Don’t let the 16 megapixels in its sensor’s specs fool you – the Mark II can produce crystal-clear, vivid images even under unforgiving circumstances. It excels at reproducing colors with their life-like vibrancy intact, so expect azure skies and golden wheat fields to really pop. If realism isn’t enough for you, there’s always one of the thirteen different art filters to try out. No matter what shots you take, the Mark II’s new 5-point stabilizing system ensures that movement or shakiness won’t interfere with the clarity of the final result. Once you’re done shooting high-quality RAW or JPEG images and 1080p videos, the camera’s built-in Wi-Fi is there to transfer your creation directly to a smart device.

What’s Bad About It?

We’d have been comfortable in asserting that the Mark II was practically flawless were it not for its confusing control scheme. There’s A LOT to take in, and even reading the extensive manual won’t help you master everything right away. Getting to know this camera’s ins and outs may not be something a beginner will want to contend with. On the other hand, those that do will probably become better photographers because of it.


Tech Specs
Dimensions: 4.7 x 3.3 x 1.9 in.
Weight: 13.8 oz.
Sensor Type: 16.1 MP Live MOS
ISO range: 200 – 25,600
Megapixels: 16.1
Burst rate: 8.5 FPS
The Pros
Abundance of features for a reasonable price
Great image quality &vibrancy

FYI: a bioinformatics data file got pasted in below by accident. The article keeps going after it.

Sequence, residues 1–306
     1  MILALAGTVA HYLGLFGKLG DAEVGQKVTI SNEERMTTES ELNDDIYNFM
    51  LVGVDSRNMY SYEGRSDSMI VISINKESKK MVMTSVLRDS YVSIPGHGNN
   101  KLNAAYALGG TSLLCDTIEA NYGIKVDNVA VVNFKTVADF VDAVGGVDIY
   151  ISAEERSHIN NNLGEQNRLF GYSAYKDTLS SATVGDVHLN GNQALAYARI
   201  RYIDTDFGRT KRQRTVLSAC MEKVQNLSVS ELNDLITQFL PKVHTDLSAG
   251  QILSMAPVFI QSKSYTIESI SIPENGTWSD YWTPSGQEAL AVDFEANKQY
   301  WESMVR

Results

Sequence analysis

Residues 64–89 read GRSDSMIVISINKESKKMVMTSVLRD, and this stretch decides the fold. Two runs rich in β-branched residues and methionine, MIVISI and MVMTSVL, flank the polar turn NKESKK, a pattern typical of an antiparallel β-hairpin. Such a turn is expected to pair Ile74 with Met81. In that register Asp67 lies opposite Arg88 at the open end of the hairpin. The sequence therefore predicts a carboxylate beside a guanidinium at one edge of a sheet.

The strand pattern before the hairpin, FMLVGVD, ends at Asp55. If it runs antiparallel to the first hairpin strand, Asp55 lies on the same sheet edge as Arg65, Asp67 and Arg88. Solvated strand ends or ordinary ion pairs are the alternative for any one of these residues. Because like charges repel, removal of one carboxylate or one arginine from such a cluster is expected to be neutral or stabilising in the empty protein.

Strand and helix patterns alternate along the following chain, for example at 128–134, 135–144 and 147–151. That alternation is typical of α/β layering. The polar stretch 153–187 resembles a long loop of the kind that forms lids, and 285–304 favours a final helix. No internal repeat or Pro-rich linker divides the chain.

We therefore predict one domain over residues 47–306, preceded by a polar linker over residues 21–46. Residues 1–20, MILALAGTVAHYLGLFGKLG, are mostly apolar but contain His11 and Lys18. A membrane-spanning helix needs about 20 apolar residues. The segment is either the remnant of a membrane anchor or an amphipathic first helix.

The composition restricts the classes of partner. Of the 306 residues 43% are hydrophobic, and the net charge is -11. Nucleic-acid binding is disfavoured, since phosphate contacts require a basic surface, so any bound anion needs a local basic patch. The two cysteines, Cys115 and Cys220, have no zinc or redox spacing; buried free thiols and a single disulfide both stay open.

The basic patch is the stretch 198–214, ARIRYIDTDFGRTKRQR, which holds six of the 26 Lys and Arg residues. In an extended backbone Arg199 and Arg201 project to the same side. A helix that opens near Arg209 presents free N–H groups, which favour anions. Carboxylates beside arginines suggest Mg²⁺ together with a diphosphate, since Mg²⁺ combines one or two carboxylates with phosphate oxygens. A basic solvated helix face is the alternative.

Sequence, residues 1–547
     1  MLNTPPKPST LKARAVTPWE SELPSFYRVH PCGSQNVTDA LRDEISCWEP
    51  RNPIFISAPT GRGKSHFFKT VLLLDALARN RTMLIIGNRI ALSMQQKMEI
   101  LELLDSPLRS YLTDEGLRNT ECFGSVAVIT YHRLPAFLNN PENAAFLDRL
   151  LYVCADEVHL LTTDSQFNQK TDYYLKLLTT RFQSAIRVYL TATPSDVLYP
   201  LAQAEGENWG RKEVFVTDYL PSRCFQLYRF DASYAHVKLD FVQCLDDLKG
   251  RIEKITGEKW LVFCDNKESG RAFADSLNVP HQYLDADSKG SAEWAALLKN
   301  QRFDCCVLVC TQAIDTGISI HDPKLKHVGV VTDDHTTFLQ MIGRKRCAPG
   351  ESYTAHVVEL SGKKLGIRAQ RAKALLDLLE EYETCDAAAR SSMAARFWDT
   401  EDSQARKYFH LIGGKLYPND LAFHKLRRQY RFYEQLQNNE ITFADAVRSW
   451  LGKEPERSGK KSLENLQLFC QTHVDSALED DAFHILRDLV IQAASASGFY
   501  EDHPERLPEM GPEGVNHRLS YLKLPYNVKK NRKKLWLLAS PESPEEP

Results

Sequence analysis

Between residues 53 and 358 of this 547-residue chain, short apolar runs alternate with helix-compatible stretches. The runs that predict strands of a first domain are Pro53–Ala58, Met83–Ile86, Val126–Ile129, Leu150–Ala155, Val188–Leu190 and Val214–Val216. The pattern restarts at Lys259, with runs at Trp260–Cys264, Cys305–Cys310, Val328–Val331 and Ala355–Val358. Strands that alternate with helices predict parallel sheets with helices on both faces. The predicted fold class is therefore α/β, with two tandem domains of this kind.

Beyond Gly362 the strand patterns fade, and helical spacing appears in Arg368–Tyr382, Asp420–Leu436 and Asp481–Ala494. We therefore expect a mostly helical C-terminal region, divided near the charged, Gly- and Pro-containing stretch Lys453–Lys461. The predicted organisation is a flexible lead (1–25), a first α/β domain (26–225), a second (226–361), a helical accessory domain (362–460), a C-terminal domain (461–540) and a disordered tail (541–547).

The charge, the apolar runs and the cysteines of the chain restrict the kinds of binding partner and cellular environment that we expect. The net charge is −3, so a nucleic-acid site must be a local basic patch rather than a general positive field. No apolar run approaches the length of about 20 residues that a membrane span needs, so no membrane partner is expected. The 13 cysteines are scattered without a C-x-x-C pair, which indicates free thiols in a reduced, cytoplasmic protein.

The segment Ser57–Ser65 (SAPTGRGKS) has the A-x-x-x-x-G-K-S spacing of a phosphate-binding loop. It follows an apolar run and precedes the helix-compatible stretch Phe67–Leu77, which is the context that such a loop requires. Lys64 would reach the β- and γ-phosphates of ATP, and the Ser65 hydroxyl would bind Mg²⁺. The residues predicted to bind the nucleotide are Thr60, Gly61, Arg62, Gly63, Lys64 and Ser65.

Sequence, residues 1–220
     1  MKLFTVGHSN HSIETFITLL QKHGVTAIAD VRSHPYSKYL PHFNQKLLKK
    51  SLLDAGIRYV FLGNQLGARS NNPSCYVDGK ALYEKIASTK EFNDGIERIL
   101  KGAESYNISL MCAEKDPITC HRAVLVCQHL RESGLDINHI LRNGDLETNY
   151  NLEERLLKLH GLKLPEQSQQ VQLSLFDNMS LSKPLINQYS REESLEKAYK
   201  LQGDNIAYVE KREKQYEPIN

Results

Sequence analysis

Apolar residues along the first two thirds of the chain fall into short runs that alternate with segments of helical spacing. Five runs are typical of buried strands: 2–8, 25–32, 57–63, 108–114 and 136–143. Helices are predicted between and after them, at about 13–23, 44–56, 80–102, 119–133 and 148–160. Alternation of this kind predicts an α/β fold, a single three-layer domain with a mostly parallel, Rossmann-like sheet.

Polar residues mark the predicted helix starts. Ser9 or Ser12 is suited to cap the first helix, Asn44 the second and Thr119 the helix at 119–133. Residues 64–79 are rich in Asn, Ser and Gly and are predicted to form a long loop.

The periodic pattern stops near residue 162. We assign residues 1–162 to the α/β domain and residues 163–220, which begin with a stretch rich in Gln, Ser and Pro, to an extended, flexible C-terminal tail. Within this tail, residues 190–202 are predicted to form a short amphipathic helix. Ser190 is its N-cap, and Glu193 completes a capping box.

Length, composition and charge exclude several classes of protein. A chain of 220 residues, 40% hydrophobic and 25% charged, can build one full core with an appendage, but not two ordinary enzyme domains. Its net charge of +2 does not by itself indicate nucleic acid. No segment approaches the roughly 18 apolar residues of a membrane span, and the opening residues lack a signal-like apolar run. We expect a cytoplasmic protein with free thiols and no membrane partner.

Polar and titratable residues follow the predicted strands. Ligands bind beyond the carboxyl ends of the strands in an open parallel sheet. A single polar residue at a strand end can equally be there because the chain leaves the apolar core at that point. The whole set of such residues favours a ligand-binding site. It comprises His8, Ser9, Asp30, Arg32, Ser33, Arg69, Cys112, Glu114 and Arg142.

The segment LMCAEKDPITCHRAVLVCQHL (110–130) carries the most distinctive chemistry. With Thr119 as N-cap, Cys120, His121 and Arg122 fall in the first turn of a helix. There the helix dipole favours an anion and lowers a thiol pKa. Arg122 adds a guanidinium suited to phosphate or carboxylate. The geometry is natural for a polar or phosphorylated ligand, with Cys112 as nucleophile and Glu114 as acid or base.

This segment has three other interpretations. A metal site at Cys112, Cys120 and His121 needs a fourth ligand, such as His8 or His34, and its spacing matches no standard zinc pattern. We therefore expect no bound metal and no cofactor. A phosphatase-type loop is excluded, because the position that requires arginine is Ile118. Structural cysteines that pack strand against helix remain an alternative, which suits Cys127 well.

Good starter lens
Powerful image stabilization
Nice look
The Cons
Confusing controls

2. Best Value – Sony NEX-3N

Best Value - Sony NEX-3NView on Amazon

Editor’s Rating: 4.6/5

Although the NEX-3N barely managed to squeeze into the list due to its price, we’re sure glad that it did! By buying it you’re getting one of the lightest cameras on the market, which still manages to produce images of outstanding quality. Considering its superb performance, how great it feels to hold it, and the impact resistance of its frame, the NEX-3Nis your go-to option for breathtaking image-taking whether you’re lining everyone up a family photo or taking in the countryside.

Small Camera, Endless Possibilities

Although not much to look at both in regards to size and aesthetic appeal, the NEX-3N packs a slew of smart and easily accessible controls. Things like zoom adjustment, play/pause, and no-fuss direct recording are always within reach, while menu navigation is minimalistic and swift thanks to a responsive control wheel and an LCD screen you can tilt 180 degrees to the front. Two keys in the back can also be customized for quicker access to settings or commands you use the most, which is another big plus.